Welcome!  I'm also a recent convert from Catholicism.  I'm also from the Pacific Northwest.

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On ‎12‎/‎22‎/‎2018 at 7:07 PM, Even So said:

Hey Sara, either way you are loved here. Have you posted or can talk about why you left?

I posted in the testimony section today.  Basically it was both that I was questioning key areas of Catholic doctrine (ex:  the infallibility of the Church, if for no other reason in the light of the contridictions in Catholic teaching between pre-Vatican II and post Vatican II teaching) and I was craving for a different relationship with Jesus then I had; a relationship that the whole Catholic system seemed to be preventing me from having.  

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37 minutes ago, kunoichi9280 said:

I posted in the testimony section today.  Basically it was both that I was questioning key areas of Catholic doctrine (ex:  the infallibility of the Church, if for no other reason in the light of the contridictions in Catholic teaching between pre-Vatican II and post Vatican II teaching) and I was craving for a different relationship with Jesus then I had; a relationship that the whole Catholic system seemed to be preventing me from having.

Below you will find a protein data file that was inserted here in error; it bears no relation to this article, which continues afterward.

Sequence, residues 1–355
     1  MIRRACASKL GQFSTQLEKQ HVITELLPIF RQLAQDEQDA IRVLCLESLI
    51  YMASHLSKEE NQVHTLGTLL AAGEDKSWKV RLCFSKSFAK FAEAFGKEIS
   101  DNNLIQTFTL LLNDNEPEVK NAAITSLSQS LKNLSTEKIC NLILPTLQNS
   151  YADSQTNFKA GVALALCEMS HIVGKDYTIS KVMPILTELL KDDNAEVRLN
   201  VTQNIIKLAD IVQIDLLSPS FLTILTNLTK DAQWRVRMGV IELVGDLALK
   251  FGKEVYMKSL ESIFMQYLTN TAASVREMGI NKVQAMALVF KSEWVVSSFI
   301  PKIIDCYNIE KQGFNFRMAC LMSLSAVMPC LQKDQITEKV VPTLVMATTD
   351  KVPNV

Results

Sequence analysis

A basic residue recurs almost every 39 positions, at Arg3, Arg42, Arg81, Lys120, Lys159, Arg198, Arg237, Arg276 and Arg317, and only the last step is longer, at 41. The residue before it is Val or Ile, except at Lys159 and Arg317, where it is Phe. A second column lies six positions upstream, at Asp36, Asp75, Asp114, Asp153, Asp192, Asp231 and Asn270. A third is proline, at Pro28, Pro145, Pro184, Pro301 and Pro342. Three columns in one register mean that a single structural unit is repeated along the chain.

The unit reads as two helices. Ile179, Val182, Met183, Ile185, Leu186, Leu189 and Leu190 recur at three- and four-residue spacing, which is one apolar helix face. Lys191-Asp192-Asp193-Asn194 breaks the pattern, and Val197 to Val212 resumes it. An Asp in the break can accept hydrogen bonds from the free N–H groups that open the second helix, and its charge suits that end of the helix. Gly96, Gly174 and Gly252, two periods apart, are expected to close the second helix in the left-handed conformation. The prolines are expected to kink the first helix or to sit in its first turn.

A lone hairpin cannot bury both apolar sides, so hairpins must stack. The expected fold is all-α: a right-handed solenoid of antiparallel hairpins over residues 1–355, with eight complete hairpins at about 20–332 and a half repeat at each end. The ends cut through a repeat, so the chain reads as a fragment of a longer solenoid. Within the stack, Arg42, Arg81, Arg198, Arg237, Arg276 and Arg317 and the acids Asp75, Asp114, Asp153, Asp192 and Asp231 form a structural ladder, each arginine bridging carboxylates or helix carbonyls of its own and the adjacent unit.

It was the contradictions from before and after Vatican II that did it for me as well.  Pope Francis openly contradicting previous Popes didn't help either.

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2 hours ago, kunoichi9280 said:

I posted in the testimony section today.  Basically it was both that I was questioning key areas of Catholic doctrine (ex:  the infallibility of the Church, if for no other reason in the light of the contridictions in Catholic teaching between pre-Vatican II and post Vatican II teaching) and I was craving for a different relationship with Jesus then I had; a relationship that the whole Catholic system seemed to be preventing me from having.  

Very insightful kunoichi9280. I hope to see you stick around here and become an active member in that you're here to answer questions for those seeking the Protestant faith. Your insight and experiences may be a very valuable resource for those leaning away from Catholicism.

 

God bless,

William

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2 hours ago, Concord said:

It was the contradictions from before and after Vatican II that did it for me as well.  Pope Francis openly contradicting previous Popes didn't help either.

To remain Catholic, I would have to basically ignore the fact that he was pope.  Kind of impossible.  So I sympathize. 

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10 minutes ago, kunoichi9280 said:

To remain Catholic, I would have to basically ignore the fact that he was pope.  Kind of impossible.  So I sympathize. 

You'd be surprised by how many "rebellious" Catholics there are. What I mean is that they forsake the authority of the Pope and Catholic church but still adhere to and teach Catholic doctrine. Ultimately, you'll find a numerous amount of denominations in Protestantism which have abandoned the foundational doctrines of the Protestant faith such as the Five Solas and are regressing back to Rome. To them "Protestant" simply means to protest or rebel against Catholic authority.